Category Archives: Two-World Tuesday

Fantasy, by the Planets- My Faults are in the Stars

A post first issued in 2013, now brought to my own site for the first time.

With a tip of the broad-brimmed hat to Ciara Ballintyne, whose wonderful post on the subject kicked my dusty brain into gear, I fell to thinking how to classify the various works of fantasy that I love so well. I’ve come to realize from posts at various sites, that my views are quite simplistic- also showing their age, frankly- but perhaps for beginners I can offer the following easy taxonomy. If it helps you to write, then it’s good.

  • I’m following a rule of three, split by Stakes and Mood, for a total of nine sub-Genres. Yeah I know- too tidy, old-fashioned, unconvincing. Sue me. I have simple tastes, and believe that many things folks call genres are better described as flavors.
  • Among those things you won’t see reflected here by name are Urban, High/Low, Historical, Dark and most likely others you’ve come to like. My, I’m being grumpy today. It’s just that I prefer a few categories, and then one can speak of works that split-the-distance, or bend the genre. That strikes me as the greater compliment than to give every great work that comes along a category of its own.
  • My model is a solar system- in fact, ours. The planets represent centers of gravity that define something qualitatively different about the writing, and of course the reading experience. But plenty of room between the heavenly bodies, and most of what we read doesn’t nestle down precisely in one atmosphere or another. Most planets have moons, and there are uncounted millions of asteroids: I know what you’re thinking, the literary genius goes on and on.
  • And here’s another point, before I lay the figure on you. It’s a solar system, which means there’s room outside it as well. Maybe you’ll find the stuff you really like is off beyond Pluto somewhere, and that’s cool. I know that some of my works to date have spicing from other genres such as Horror, Mystery, and Romance: if Fantasy writing was a country trading with its neighbors, I would say imports outweighed exports by about 10 to 1. Might be cool to consider that in a future post.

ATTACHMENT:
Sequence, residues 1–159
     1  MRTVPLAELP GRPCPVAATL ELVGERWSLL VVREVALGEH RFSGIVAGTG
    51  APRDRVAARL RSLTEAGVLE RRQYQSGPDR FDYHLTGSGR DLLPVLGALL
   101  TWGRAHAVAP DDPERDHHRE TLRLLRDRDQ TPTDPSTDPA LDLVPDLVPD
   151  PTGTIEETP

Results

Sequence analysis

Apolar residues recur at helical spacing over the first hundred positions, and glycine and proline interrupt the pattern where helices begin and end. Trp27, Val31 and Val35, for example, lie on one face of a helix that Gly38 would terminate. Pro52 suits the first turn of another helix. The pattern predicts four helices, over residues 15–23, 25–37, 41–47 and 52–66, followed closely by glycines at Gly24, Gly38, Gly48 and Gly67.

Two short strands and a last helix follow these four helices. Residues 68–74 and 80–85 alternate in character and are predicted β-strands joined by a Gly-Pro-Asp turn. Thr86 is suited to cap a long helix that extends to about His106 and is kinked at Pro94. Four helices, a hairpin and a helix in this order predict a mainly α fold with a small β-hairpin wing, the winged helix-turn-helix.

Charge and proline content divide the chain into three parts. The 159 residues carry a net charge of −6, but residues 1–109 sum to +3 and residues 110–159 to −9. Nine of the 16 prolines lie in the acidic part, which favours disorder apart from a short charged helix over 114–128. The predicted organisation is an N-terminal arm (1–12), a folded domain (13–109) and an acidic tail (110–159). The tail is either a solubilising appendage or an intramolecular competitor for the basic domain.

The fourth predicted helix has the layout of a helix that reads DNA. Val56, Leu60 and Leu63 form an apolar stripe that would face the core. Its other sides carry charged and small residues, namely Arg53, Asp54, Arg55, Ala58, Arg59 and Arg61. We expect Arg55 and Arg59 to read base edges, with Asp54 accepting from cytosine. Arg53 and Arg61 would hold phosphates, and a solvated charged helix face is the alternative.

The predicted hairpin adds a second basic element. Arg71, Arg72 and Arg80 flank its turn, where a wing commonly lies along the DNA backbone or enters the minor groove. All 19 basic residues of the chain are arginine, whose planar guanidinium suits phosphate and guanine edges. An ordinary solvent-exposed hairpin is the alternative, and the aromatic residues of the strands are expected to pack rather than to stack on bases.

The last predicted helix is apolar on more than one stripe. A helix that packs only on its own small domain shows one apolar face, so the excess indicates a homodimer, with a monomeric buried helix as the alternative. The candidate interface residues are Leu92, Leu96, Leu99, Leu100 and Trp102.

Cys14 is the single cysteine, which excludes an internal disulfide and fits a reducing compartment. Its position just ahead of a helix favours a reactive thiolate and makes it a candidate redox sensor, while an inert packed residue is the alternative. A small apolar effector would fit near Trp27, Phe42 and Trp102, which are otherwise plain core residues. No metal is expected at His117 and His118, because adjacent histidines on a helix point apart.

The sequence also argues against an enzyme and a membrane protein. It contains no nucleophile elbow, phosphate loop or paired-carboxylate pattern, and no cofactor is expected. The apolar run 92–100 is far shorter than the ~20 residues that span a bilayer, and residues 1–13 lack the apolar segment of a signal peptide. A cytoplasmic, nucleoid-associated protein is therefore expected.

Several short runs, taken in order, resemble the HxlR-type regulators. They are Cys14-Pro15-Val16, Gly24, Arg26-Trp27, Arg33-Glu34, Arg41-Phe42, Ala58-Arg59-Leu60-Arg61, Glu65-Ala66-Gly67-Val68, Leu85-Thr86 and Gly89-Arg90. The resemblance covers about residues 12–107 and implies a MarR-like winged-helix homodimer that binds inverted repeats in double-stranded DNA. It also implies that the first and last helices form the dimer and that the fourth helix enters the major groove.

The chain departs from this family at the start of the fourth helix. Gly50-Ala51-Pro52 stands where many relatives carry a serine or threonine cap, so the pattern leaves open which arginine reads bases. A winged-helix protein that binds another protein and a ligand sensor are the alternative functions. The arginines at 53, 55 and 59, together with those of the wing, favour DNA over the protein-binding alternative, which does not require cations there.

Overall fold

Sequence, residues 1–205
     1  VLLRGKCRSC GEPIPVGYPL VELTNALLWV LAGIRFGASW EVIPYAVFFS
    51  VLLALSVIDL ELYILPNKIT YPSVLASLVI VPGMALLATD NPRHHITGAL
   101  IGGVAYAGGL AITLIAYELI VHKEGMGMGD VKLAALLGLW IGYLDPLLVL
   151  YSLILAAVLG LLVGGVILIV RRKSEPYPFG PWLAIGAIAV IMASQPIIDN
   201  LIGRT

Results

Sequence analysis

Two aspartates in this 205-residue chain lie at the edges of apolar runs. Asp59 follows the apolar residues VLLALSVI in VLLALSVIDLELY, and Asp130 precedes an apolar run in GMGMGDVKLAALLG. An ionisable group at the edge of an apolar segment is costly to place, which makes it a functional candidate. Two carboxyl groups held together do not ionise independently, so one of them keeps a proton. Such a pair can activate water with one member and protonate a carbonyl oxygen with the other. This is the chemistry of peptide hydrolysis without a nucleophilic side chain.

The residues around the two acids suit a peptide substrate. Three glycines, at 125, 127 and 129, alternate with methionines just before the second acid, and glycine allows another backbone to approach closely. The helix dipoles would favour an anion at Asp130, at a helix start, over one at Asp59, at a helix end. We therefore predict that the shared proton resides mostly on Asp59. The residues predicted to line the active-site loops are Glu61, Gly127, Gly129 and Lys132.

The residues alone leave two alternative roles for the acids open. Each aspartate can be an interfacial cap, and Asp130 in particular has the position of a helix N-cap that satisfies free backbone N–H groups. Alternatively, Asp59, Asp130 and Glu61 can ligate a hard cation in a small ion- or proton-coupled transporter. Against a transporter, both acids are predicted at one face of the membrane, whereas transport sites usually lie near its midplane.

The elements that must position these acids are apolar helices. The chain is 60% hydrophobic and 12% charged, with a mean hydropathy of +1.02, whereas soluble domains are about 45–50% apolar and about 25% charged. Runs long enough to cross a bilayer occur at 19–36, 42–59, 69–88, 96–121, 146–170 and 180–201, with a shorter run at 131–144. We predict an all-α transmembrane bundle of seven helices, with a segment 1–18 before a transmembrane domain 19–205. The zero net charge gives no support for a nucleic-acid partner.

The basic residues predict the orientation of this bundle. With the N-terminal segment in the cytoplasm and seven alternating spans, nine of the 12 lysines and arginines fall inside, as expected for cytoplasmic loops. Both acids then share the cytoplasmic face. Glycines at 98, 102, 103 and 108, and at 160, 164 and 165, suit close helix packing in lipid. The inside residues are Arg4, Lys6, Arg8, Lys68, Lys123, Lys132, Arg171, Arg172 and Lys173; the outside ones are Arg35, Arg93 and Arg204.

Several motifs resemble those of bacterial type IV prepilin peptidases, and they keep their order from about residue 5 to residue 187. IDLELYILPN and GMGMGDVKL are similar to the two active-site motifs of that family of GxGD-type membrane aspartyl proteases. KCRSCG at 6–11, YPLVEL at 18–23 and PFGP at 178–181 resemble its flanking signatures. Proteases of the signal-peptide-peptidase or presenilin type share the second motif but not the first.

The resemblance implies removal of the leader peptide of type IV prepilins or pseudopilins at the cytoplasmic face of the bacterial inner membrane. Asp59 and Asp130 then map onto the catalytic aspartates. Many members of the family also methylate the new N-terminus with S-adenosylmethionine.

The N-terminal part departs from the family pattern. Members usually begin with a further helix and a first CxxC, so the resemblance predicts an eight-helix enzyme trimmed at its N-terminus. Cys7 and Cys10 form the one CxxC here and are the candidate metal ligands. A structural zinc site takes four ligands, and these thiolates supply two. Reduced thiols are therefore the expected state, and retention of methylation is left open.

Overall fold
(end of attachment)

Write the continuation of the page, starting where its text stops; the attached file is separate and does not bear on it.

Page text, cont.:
A Question of Stakes and Mood

So I’ll give the graphic representation here, which I hope is pretty self-explanatory (thousand words and all that). I hope you enjoy it, and then if you like scan as many of my notes as you want. I’m a heroic and epic fantasy chronicler, so believe me, this IS the short version! But stop whenever it’s not helping you anymore. I’m very happy as always to hear your thoughts too. You should be able to click on the picture to make it bigger.

One chronicler's suggestion
One chronicler’s view

I’ve suggested three major genres of fantasy- Epic, Heroic and Sword and Sorcery (down the middle)  with variations of Mood (across the top) from Cinematic to Morbid, and a second spectrum of Stakes (along the side) from Casual to Crucial. At each “planet” I installed a title that pretty closely fits the location: most of my selections reveal my age but I think they will still be familiar to many. One word of warning; these planets are not arranged in the same order as you might expect by the presence of the “sun” in the picture. More explanations than you could ever want follow here!

The Stakes of a Tale

EPIC Fantasy is defined by Crucial Stakes; the main character is called upon to Save the World. Combat is rare, humor limited and every act reeks of consequences. Things happen for a reason, it all ties together.

HEROIC Fantasy involves some kind of quest within more limited boundaries, to Save the Kingdom. Heroes fight more often, there can be humorous moments and even mistakes before the (usually happy) ending.